Refugees Get to Work

NEWS // July 23, 2019

Communication Workshop Prepares Refugees for a Diverse Workplace

Brittney Ochira, Outreach Manager, National Conflict Resolution Center

When we interact with people, we encounter their complex, multi-faceted identities, including the aspects we see on the surface, like their job title and their accent, and those below the surface, like their background and their values. 

How can we communicate in a way that respects the many identities of others, especially in a diverse region like San Diego County?

On July 9th and 11th, 2019, forty-three refugee students from Grossmont College participated in the National Conflict and Resolution Center's “The Art of Inclusive Communication” workshop to learn just that. 

These workshops were part of a contract between National Conflict Resolution Center and the County of San Diego Health and Human Services Agency's Community Action Partnership for the Live Well San Diego Exchange, a training program that builds skills related to communication and conflict management. The Exchange includes specialized sessions targeting refugees and other new San Diegans to help them gain employment and be more effective in the way they interact on the job. Participants develop employable skills like acting as a team player, accepting and learning from criticism, and thriving in multicultural workplace settings. Partnerships with the CalWORKs program at Public Consulting Group and other refugee services agencies are key to connecting the population and offering the opportunity to participate in the workshops.

The collaboration with the Career Center and CalWORKs Office at Grossmont College came out of a desire to equip Grossmont students with the skills to navigate diverse workplaces with greater awareness of the conflict styles they bring into their work, and the ability to identify these conflict styles in others.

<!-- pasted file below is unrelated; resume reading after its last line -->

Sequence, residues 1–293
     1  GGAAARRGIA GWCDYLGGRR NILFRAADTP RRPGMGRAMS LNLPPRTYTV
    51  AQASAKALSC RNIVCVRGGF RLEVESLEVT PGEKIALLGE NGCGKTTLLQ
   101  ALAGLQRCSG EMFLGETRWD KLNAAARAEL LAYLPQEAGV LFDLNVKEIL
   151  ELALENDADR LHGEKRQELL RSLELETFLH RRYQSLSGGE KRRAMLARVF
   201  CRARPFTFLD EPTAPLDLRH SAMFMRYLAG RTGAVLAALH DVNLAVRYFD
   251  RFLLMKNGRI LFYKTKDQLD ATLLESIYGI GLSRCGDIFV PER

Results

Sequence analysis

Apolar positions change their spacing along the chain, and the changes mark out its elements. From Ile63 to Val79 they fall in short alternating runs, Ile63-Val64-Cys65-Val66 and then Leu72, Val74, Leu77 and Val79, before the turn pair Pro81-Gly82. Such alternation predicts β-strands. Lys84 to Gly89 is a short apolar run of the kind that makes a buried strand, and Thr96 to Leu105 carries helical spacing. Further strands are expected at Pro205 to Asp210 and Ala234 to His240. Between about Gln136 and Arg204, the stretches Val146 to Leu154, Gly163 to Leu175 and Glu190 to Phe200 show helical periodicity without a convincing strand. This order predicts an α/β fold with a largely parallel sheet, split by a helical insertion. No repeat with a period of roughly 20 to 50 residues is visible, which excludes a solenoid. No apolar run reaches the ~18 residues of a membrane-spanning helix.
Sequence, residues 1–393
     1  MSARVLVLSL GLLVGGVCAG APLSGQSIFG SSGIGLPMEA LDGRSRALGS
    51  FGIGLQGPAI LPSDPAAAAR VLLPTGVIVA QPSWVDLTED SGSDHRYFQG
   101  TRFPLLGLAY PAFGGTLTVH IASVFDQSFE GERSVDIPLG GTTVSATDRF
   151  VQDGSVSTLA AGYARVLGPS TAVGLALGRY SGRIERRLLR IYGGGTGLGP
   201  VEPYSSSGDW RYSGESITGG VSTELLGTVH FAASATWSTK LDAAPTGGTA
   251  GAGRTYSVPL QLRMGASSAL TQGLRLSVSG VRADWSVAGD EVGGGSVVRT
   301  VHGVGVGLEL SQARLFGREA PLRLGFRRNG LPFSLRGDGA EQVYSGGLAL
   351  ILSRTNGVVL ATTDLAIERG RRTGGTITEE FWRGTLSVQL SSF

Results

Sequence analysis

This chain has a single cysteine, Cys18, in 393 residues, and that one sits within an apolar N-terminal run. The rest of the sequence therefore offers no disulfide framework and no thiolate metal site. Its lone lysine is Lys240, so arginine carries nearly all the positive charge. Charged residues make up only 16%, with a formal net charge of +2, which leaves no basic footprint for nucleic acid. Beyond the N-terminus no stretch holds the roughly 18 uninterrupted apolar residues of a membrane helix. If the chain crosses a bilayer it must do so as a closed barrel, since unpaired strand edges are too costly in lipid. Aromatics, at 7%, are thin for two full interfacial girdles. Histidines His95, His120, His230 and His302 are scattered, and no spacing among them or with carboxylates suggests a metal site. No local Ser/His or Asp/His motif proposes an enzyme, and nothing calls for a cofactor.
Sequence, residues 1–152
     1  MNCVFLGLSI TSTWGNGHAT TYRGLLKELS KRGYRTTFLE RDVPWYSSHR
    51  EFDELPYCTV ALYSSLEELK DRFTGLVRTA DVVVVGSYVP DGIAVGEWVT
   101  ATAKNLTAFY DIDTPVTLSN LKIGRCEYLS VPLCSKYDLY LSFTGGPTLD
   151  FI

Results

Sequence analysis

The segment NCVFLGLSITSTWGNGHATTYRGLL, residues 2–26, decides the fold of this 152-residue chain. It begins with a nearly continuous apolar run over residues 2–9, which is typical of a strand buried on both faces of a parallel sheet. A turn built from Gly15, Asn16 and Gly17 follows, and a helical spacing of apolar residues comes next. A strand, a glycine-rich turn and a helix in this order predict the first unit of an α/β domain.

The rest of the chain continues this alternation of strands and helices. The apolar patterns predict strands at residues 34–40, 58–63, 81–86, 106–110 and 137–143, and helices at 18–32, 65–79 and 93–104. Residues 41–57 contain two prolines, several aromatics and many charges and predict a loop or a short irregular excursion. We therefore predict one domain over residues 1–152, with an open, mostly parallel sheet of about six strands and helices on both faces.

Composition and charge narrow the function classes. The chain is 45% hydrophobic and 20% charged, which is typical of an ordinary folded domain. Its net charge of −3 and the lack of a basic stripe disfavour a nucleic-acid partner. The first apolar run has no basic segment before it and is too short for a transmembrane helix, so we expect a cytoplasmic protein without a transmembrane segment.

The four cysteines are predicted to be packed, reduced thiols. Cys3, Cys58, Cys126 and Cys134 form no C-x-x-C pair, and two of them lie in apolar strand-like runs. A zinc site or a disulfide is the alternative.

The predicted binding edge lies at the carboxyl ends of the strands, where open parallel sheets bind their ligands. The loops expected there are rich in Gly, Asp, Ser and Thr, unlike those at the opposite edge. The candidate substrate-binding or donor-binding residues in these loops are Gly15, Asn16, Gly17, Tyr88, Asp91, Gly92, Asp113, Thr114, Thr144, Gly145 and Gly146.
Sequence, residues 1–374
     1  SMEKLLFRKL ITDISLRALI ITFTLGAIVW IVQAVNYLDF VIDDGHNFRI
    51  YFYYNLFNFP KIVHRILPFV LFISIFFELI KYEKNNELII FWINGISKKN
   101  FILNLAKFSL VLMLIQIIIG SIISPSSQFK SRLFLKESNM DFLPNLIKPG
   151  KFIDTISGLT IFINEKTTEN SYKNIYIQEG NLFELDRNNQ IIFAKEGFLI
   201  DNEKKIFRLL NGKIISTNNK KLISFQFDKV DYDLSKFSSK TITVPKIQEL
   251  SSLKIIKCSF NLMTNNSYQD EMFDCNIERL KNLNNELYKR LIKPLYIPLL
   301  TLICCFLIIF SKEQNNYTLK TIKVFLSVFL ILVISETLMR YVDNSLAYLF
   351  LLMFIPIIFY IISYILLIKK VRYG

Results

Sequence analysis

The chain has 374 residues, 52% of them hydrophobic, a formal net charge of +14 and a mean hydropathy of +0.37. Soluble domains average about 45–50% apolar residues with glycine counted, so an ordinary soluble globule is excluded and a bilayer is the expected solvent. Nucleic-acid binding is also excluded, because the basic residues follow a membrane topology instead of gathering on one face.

“Transition and change can be challenging to all newcomers. Refugees are often traumatized from pre-migration and resettlement experiences. Language is a huge culture shock and a barrier for most newcomers. Refugees are hesitant to initiate conversations in English. These students left The Art of Inclusive Communication workshop feeling empowered,” said Renee Nasori, Career Services Supervisor and Grossmont College.

By developing these skills, refugees are finding within themselves renewed confidence to achieve professional goals they might not have previously thought were possible.

One participant shared that she had not attended school back in Syria, so when she moved to San Diego and started taking classes at Grossmont College some people teased her, asking “Do you think you are going to become a doctor at your age, and with no education?” but she has persisted, advancing through the English as a Second Language (ESL) program, and is now set to enter the nursing program.  Her story and others like it have been part of the success of the Live Well San Diego Work Readiness Exchange, as the class reinforces and refocuses participants on the life skills they already possess so they can enter into the workforce with more confidence in their strengths.

The National Conflict Resolution Center is proud to partner with the County of San Diego in support of the Live Well San Diego vision to equip new San Diegans with important communication skills which not only boost the self-sufficiency of individual families but the cohesion of our San Diego community.